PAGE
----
MARY Portas - Queen of Shops - yesterday unveiled a 28 point plan to breathe new life into British high streets.
The TV expert is calling for a raft of measures to rejuvenate the retail offerings of towns and cities.
She is calling for free parking; a moritorium on out-of-town retail developments; cut price business rates for shops and a new national market day for Britain.
Nationally one in seven shops is empty and in many areas there has been a proliferation of "pound" and charity shops - including in Gloucester.
Appearing on BBC Breakfast, Ms Portas said she wants people to look at shopping in a different way, and create “multi-functional social and shopping” high streets.
“Today the model of the high street is so outdated how it works, it’s working in the same way it did in the ’60s,” she said.
“Whereas that high street was always just about shopping, that shopping has shifted into new areas. We’ve got the internet, we’ve got these super out-of-town malls, we’ve got the hypermarkets, the supermarkets, and what we haven’t done, is we haven’t redefined what the high street is. We’ve let it go actually, we’ve neglected it and we’ve not had a vision.“When you think of high streets, they’re civic places, they’re not private spaces, and therefore we as customers should stop being so passive and actually be co-creators, with the councils, with the landlords, with the businesses, with the retailers.”
The 28 recommendations are set out below and you can read the full 55 page report by clicking here
What do you think of Mary's plans? Would they work in Gloucestershire and if so where? Would free parking tempt you back into town centre shopping habits or are you just content to do all your shopping online?
Have your say using the story comment facility below.
The following list is a summary of Mary's 28 recommendations:
1. Put in place a “Town Team”: a visionary, strategic and strong operational management team for high streets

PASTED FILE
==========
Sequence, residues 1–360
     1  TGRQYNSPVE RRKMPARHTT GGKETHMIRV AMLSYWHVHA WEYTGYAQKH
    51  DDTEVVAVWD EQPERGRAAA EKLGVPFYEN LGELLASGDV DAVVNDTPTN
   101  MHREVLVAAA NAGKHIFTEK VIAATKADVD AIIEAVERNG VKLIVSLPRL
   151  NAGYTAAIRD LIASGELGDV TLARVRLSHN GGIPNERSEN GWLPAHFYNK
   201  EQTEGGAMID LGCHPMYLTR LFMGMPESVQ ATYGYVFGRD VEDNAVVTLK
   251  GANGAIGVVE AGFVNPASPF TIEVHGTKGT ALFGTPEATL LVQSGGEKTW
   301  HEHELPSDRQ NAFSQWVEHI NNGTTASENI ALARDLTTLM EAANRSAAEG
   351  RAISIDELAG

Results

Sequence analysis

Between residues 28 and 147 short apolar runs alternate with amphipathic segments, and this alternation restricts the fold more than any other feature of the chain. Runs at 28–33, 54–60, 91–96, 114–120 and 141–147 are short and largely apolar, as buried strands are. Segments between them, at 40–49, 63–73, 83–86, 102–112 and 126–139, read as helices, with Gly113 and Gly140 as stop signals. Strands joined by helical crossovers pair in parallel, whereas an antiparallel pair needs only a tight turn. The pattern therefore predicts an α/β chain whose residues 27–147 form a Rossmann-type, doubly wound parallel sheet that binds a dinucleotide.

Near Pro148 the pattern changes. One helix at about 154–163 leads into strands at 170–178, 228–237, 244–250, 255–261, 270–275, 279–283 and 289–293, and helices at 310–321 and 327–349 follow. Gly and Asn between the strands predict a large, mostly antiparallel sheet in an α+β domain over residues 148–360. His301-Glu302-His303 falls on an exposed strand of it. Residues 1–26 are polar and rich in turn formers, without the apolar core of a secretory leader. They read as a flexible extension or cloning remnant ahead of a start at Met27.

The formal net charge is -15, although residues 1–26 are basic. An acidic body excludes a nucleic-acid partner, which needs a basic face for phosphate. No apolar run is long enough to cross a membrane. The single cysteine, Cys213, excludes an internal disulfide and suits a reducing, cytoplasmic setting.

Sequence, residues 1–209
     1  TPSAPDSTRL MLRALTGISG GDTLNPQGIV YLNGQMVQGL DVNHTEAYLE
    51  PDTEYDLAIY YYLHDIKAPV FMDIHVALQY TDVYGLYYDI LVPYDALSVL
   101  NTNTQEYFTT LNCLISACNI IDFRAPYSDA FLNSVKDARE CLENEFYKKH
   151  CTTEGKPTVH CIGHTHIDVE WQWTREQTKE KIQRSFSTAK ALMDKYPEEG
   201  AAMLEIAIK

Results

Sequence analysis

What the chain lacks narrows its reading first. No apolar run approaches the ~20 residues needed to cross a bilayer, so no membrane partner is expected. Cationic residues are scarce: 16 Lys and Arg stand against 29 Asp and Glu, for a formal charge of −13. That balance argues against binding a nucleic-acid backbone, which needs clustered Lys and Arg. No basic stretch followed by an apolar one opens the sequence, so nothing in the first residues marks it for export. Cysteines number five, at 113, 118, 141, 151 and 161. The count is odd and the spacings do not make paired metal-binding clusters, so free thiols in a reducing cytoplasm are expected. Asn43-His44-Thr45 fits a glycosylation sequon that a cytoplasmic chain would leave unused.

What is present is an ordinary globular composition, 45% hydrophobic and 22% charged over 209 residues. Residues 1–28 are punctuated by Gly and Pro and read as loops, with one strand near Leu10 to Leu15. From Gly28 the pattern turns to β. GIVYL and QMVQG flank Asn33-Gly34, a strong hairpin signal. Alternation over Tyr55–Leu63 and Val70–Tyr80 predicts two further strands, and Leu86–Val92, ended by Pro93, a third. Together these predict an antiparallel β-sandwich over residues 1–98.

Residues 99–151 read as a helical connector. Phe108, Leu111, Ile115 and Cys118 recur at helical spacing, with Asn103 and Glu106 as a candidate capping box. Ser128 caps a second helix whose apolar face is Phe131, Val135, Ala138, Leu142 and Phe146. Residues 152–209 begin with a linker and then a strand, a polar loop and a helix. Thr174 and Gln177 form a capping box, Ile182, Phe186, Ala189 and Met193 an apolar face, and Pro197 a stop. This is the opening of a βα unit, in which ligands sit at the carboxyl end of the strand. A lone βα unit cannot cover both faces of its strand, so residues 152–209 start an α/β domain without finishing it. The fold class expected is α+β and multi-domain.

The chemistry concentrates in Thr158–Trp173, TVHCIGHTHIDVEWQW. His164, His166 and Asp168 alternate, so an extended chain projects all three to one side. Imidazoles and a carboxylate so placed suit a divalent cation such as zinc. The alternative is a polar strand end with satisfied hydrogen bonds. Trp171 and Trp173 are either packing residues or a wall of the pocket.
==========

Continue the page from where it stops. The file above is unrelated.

2. Empower successful Business Improvement Districts to take on more responsibilities and powers and become “Super-BIDs”
3. Legislate to allow landlords to become high street investors by contributing to their Business Improvement District
4. Establish a new “National Market Day” where budding shopkeepers can try their hand at operating a low-cost retail business
5. Make it easier for people to become market traders by removing unnecessary regulations so that anyone can trade on the high street unless there is a valid reason why not
6. Government should consider whether business rates can better support small businesses and independent retailers
7. Local authorities should use their new discretionary powers to give business rate concessions to new local businesses
8. Make business rates work for business by reviewing the use of the RPI with a view to changing the calculation to CPI
9. Local areas should implement free controlled parking schemes that work for their town centres and we should have a new parking league table
10. Town Teams should focus on making high streets accessible, attractive and safe
11. Government should include high street deregulation as part of their ongoing work on freeing up red tape
12. Address the restrictive aspects of the ‘Use Class’ system to make it easier to change the uses of key properties on the high street
13. Put betting shops into a separate ‘Use Class’ of their own
14. Make explicit a presumption in favour of town centre development in the wording of the National Planning Policy Framework
15. Introduce Secretary of State “exceptional sign off ” for all new out-of-town developments and require all large new developments to have an “affordable shops” quota
16. Large retailers should support and mentor local businesses and independent retailers
17. Retailers should report on their support of local high streets in their annual report
18. Encourage a contract of care between landlords and their commercial tenants by promoting the leasing code and supporting the use of lease structures other than upward only rent reviews, especially for small businesses
19. Explore further disincentives to prevent landlords from leaving units vacant
20. Banks who own empty property on the high street should either administer these assets well or be required to sell them
21. Local authorities should make more proactive use of Compulsory Purchase Order powers to encourage the redevelopment of key high street retail space
22. Empower local authorities to step in when landlords are negligent with new “Empty Shop Management Orders”
23. Introduce a public register of high street landlords
24. Run a high profile campaign to get people involved in Neighbourhood Plans
25. Promote the inclusion of the High Street in Neighbourhood Plans
26. Developers should make a financial contribution to ensure that the local community has a strong voice in the planning system
27. Support imaginative community use of empty properties through Community Right to Buy, Meanwhile Use and a new “Community Right to Try”
28. Run a number of High Street Pilots to test proof of concept